Carrots and Sticks Court shall order permanent injunction if List II patent is found valid and infringed in final court decision (appealable only to Supreme Court) Patents not timely included in List I is unenforceable with respect to biosimilar Only remedy available for List II patent not asserted in timely manner, or settled without prejudice, or prosecuted in bad faith, is reasonable royalty damages
How Effective Will Patents Be For Protecting Biologics? FTC argued for short data exclusivity period based on assertion that patents will be just as effective for protecting biologics as they have been for conventional drugs Historically, use of patents to protect biologics has been fundamentally different than use of patents to protect conventional drugs
How Effective Will Patents Be For Protecting Biologics? COM patents have been very effective in protecting small molecule drugs Other sorts of patents on methods of use, production processes, formulations and the like have proven much less effective
How Effective Will Patents Be For Protecting Biologics? Composition of matter patents claiming active ingredient per se have played very minor role in protection of biologics Gene patents, and other patents relating to methods and reagents used in production have been very important –Many have been successfully designed around
Exemplary Claims Asserted Against “Biosimilars” Amgen v. Chugai (1987) –“A purified and isolated DNA sequence consisting essentially of a DNA sequence encoding human erythropoietin.”
Genentech v. Insmed U.S. Patent No. 5,258,287 –Claim 1: An isolated DNA molecule comprising a sequence that hybridizes, under stringent conditions of 50% formamide with 0.75M NaCl and 0.075M sodium citrate, at 42.degree. C., to the portion of the DNA sequence of FIG. 3 coding for mature BP53 or the preprotein for BP53 and which encodes a BP53 protein that binds to IGF-I or IGF-II, excluding BP28, PP12, and HEP-G2.
Schering v. Amgen 4,530,901 –1. A recombinant DNA molecule consisting of segments of DNA from different genomes which have been joined end-to-end outside of living cells and which have the capacity to infect some host and to be maintained therein, and the progeny thereof, comprising a DNA sequence selected from the group consisting of: (a) the DNA inserts of Z-pBR322(Pst)/HcIF-2h (DSM 1700), Z- pBR322(Pst)/HcIF-SN35 (DSM 1701), Z-pBR322(Pst)/HcIF-SN42 (DSM 1702) and Z-pKT287(Pst)/HcIF-2h-AH6 (DSM 1703), (b) DNA sequences which hybridize to any of the foregoing DNA inserts and which code on expression for a polypeptide of the IFN-α type, and (c) DNA sequences which code on expression for a polypeptide of the IFN-α type coded for on expression by any of the foregoing DNA sequences and inserts, said DNA sequences and inserts being operatively linked to an expression control sequence in said recombinant DNA molecule.
University of California v. Eli Lilly 4,431,740 –2. A DNA transfer vector comprising an inserted cDNA consisting essentially of a deoxynucleotide sequence coding for human proinsulin, the plus strand of said cDNA having a defined 5' end, said 5' end being the first deoxynucleotide of the sequence coding for said proinsulin.
Genzyme v. TKT 5,356,804 –1. A method for producing human α-galactosidase A comprising: (a) culturing a mammalian cell containing a chromosomally integrated nucleotide sequence encoding human α- galactosidase A controlled by a regulatory sequence that promotes gene expression and a selectable marker controlled by the same or different regulatory sequence, so that the α- galactosidase A nucleotide sequence is stably overexpressed and an enzymatically active α-galactosidase A enzyme is secreted by the mammalian cell; and (b) isolating enzymatically active α-galactosidase A enzyme from the mammalian cell culture.
Genzyme v. TKT 10. A mammalian cell comprising a chromosomally integrated nucleotide sequence encoding human α-galactosidase A controlled by a regulatory sequence that promotes gene expression and a selectable marker controlled by the same or different regulatory sequence, so that the α-galactosidase A nucleotide sequence is stably overexpressed and an enzymatically active α-galactosidase A enzyme is secreted by the mammalian cell.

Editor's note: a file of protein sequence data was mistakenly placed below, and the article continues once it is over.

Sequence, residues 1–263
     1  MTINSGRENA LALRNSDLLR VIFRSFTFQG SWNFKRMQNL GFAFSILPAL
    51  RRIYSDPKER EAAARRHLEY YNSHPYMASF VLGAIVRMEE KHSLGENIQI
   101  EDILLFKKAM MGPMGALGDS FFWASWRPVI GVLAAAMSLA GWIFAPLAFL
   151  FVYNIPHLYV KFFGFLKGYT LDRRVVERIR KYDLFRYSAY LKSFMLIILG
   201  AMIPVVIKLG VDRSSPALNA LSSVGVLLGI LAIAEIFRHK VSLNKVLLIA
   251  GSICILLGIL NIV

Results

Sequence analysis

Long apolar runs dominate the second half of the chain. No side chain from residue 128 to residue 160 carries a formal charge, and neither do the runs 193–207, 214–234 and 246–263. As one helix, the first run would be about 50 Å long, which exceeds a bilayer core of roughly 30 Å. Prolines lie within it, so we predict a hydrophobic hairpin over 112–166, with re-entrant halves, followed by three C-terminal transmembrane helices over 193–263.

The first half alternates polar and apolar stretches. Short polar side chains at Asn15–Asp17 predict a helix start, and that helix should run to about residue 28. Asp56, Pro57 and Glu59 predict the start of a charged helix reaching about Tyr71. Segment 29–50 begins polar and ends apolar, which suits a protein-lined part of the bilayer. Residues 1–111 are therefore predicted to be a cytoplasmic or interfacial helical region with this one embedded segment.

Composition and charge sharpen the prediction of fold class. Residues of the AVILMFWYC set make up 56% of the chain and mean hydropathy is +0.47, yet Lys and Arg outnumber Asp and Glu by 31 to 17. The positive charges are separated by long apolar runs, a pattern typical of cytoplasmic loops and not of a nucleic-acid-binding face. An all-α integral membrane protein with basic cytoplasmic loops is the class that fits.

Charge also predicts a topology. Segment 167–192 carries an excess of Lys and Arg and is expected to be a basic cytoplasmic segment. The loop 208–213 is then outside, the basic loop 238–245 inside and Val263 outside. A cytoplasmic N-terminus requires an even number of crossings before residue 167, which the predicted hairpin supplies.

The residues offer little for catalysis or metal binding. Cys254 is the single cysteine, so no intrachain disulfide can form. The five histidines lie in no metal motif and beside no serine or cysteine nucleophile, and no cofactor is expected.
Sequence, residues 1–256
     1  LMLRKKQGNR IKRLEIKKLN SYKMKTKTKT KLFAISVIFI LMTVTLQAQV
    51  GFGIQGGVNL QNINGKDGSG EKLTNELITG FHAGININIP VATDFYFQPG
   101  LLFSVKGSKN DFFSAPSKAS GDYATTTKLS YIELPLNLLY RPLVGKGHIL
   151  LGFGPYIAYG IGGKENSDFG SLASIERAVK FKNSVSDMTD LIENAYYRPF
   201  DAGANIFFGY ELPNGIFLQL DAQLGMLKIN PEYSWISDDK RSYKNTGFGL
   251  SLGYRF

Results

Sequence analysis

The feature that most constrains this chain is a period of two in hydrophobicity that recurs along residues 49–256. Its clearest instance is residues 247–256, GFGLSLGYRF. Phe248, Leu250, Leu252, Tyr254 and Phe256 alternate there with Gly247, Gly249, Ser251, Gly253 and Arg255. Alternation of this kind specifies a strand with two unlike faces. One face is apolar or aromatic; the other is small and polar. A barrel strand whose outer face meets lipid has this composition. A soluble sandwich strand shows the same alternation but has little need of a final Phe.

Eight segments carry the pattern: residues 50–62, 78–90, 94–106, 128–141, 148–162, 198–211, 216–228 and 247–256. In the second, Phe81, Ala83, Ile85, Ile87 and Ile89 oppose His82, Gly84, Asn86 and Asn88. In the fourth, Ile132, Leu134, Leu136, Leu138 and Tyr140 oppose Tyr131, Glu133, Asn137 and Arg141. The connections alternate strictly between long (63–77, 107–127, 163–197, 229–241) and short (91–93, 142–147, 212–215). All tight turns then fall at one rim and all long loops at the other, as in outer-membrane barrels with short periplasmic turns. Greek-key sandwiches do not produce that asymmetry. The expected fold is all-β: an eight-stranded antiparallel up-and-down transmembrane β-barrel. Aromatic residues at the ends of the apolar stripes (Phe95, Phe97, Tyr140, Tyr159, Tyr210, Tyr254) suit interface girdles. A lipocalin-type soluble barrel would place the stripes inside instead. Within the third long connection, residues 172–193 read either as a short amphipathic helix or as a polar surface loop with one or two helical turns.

Amgen v. Hoffman LaRoche 5,547,933 –3. A non-naturally occurring glycoprotein product of the expression in a mammalian host cell of an exogenous DNA sequence comprising a DNA sequence encoding human erythropoietin said product possessing the in vivo biological property of causing bone marrow cells to increase production of reticulocytes and red blood cells.
Amgen v. Hoffman LaRoche 5,955,422 1 –A pharmaceutical composition comprising a therapeutically effective amount of human erythropoietin and a pharmaceutically acceptable diluent, adjuvant or carrier, wherein said erythropoietin is purified from mammalian cells grown in culture.
Centocor v. Abbott 7,070,775 –. An isolated recombinant anti-TNF-alpha antibody or antigen-binding fragment thereof, said antibody comprising a human constant region, wherein said antibody or antigen binding fragment (i) competitively inhibits binding of A2 (ATCC Accession No. PTA- 7045) to human TNF-alpha, and (ii) binds to a neutralizing epitope of human TNF-alpha in vivo with an affinity of at least 1x10 8 liter/mole, measured as an association constant (Ka), as determined by Scatchard analysis, wherein the antibody or antigen-binding fragment comprises a human constant region and a human variable region.
How Effective Will Patents Be For Protecting Biologics? Developments in technology will effect the role of patents in protecting innovative biologics –Increasing importance of monoclonal antibodies and substantially engineered variants of naturally occurring proteins –Decreasing relevance patents on naturally occurring genes
How Effective Will Patents Be For Protecting Biologics? Developments in the law will effect the role of patents in protecting innovative biologics –Written description requirement (Ariad v. Lilly and Centocor v. Abbott) – Nonobviousness requirement (KSR and Kubin) –Obviousness type double patenting (Sun v. Eli Lilly) –Shift to patent term of 20 years from filing date Largely precludes evergreening by continuation practice
Issues How will FDA implement abbreviated approval process? How will legislation be applied to non- protein therapeutic biologics, such as therapeutic virus? –REOLYSIN, Oncolytics Biotech Inc.
Issues Will abbreviated approval process facilitate market entry by “biobetters” Will patent term extension be available under 35 USC 156? The patent disclosure dance appears to be much more complex and ambiguous than the preapproval patent resolution process under Hatch Waxman –Companies will need to be prepared to litigate these ambiguities
Recommendations Innovators will want to have input when FDA establishes criteria for “highly similar” in standards of interchangeability Innovators should seek to maintain trade secret status of manufacturing process Due to short timelines, innovators should identify in-house and outside counsel and relevant patents prior to receiving notice
Recommendations Innovators should track status of relevant patent applications Innovators should be prepared to seek preliminary injunction in order to block “at risk” market entry by biosimilar